How To Make A Command Block Clock

First of all, if you’re playing in Minecraft 1.9 or later, you don’t need to use these clocks. Looping and chaining blocks have the same functionality (see below) and more, and are much easier to use. Use them instead. What is that? Setblock or fill clock is a command block structure based on using the /setblock or /fill instructions to alternately place redstone and regular blocks in the same place, thus triggering contiguous 20 blocks of instruction. times a second. Therefore, they are also known as “20Hz” clocks. Read: how to create a command block clock

  • Faster than any redstone based clock.
  • Well-defined order of execution: This may seem odd, but while every instruction is executed at the same time, the placement of command blocks still determines the order in which it occurs. This allows you, for example, to set the scoreboard goal to 0 for everyone and 1 for certain players immediately afterwards, without their scores “flickering”.
  • Virtually No Latency: Redstone Dust has a lag, mainly due to block updates and ambient light updates. Do not use redstone dust. Do not. The setblock/fill clock has no light updates and few block updates. By a similar logic, you should limit your use of comparators and repeaters, although they are not as bad as redstone dust.

How to create them? Both clocks require two instruction blocks as a base. One to place redstone blocks, one to place regular blocks.

setblock watch

The setblock clock is a bit simpler than its larger cousin. It creates and destroys a single redstone block between two command blocks. Place two command blocks on one line, with a single space in between. Remember what I said about the well-sorted implementation earlier? This is based on the (relative) coordinates on which the command blocks are located, so let’s find out! Read more: how to find the number of observations in a dataset Press F3 to enter the debug screen. If you’re playing on 1.8+ and the ReduceDebugInfo gamerule is false (default), your cursor will turn green red and blue. This tells you the direction of the three major coordinate axes. Red towards positive X, Green towards positive Y and Blue towards positive Z, that is RGB corresponding to XYZ. the other one, put /setblock ~-1 ~ ~ redstone_block This example is for the X axis, for another axis, move ~1 and ~-1 to the corresponding position in the setblock command, for example ~ ~ ~ 1 / ~ – 1 for the Z axis. I used smooth rock as my replacement block, but you can use any other solid, non-transparent block (transparent blocks, including air blocks , will cause light updates!). Place a redstone block in the center to start the clock. If everything is done correctly, this block is immediately recreated when you break it.Read more: how to change text message background on galaxy s8 after update You can now place up to 4 other command blocks next to the redstone block. Command blocks on the same axis activate from lower to higher coordinates. However, the execution sequence can be more difficult when working on different axes at the same time. If more than two of your commands require to be run in a particular order, I recommend using a fill clock instead.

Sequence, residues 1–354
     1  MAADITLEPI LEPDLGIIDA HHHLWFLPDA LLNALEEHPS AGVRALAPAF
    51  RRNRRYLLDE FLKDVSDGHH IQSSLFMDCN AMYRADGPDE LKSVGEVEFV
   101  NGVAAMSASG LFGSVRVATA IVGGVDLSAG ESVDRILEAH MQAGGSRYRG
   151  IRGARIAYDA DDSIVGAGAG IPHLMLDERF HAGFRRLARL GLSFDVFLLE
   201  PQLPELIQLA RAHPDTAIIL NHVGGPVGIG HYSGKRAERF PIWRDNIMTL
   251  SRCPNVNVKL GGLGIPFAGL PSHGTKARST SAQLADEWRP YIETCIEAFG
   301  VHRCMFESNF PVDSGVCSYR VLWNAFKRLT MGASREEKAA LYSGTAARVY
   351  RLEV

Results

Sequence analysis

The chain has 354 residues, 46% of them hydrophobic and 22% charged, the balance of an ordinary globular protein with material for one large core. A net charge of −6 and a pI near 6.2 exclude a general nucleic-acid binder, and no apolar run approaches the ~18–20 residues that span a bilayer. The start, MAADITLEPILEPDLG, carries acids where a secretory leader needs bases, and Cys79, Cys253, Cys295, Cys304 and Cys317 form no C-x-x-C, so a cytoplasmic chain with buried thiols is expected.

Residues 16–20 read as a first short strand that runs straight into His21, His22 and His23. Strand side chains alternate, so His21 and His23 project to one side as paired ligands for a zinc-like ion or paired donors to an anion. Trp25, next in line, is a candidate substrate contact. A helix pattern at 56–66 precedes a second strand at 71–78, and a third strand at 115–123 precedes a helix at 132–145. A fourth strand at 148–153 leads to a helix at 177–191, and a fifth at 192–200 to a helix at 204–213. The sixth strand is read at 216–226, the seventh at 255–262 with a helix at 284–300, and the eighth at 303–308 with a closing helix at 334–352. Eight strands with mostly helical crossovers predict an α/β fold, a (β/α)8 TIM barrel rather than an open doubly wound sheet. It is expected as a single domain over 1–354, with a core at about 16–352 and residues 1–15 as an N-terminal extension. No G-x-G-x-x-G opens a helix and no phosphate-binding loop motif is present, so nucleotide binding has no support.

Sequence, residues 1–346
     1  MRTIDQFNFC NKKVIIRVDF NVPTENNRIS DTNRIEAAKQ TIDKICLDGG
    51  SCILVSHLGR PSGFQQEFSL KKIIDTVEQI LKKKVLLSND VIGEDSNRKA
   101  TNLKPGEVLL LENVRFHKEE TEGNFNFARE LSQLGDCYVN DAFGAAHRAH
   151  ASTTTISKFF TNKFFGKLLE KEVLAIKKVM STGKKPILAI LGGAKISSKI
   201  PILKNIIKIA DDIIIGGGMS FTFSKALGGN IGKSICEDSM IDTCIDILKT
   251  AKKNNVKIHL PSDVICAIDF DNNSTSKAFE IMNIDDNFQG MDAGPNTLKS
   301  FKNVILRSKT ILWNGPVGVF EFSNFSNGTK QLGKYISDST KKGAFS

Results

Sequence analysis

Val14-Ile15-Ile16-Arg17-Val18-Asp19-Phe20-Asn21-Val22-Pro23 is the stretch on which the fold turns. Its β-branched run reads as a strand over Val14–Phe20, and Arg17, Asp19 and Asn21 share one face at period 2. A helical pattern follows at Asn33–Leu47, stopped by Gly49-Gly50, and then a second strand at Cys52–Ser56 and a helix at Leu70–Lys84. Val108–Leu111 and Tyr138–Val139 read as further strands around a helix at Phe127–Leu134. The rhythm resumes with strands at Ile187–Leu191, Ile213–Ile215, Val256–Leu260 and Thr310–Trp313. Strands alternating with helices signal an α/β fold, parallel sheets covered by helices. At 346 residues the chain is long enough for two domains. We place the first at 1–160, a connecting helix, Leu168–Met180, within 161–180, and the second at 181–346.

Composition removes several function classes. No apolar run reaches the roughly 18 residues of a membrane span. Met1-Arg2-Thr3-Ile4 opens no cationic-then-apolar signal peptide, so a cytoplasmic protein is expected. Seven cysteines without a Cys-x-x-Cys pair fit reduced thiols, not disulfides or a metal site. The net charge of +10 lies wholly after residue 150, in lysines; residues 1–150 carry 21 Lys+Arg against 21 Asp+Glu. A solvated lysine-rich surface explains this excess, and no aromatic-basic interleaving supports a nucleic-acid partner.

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Filling the clock

The fill clock uses the same fundamentals as the setblock clock, but allows more commands to be run by creating a line of redstone blocks instead of a single block. axis) / fill ~ 1 ~ ~ ~ 1 ~ ~ 4 stones / fill ~ -1 ~ ~ ~ -1 ~ ~ 4 redstone_block This creates a redstone line 1 block wide, 5 blocks long along the z axis. The length is determined by the second set of coordinates. Place your other orders along this line. The activation command will be along this line: At each redstone block, the command block at the lower coordinate will be executed first. Then this continues at the next redstone block in the line.fill the clock Wait, what? The way it works is that at the beginning of each game tick, the game will see a new redstone block created next to the command blocks and start executing commands. It always starts at a lower coordinate, so it replaces the redstone block with the stone. Immediately after, the second command is executed. Although the command block is technically not powered at the moment, it is up and running, instantly replacing the stone with the redstone block. Rinse and repeat 20 times a second.

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Posts “How To Make A Command Block Clock” posted by on 2021-10-29 09:03:21. Thank you for reading the article at wallx.net

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